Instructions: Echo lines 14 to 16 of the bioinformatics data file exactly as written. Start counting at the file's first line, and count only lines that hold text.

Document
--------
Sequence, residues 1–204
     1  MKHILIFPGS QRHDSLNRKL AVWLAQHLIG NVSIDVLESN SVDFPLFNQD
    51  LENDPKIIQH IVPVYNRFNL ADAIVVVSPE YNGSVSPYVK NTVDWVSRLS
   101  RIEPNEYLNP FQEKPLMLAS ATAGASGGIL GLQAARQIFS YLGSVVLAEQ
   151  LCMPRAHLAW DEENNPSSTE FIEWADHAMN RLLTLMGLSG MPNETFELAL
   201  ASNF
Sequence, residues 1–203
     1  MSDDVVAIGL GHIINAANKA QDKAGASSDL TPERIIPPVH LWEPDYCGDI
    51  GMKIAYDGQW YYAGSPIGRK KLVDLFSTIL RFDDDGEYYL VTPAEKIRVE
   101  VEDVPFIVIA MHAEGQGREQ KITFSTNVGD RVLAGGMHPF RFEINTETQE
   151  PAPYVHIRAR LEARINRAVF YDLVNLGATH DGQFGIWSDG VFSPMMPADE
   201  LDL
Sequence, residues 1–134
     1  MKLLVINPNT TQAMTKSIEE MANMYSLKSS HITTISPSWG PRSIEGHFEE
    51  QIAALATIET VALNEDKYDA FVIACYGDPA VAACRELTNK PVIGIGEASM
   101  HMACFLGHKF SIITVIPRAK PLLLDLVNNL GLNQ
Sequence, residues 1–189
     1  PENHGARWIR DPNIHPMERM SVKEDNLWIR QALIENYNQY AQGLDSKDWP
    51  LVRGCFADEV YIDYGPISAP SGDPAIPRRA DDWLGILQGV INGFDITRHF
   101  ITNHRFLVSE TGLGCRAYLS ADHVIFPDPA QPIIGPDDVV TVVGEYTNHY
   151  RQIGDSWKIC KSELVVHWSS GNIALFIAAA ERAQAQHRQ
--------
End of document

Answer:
     1  MKLLVINPNT TQAMTKSIEE MANMYSLKSS HITTISPSWG PRSIEGHFEE
    51  QIAALATIET VALNEDKYDA FVIACYGDPA VAACRELTNK PVIGIGEASM
   101  HMACFLGHKF SIITVIPRAK PLLLDLVNNL GLNQ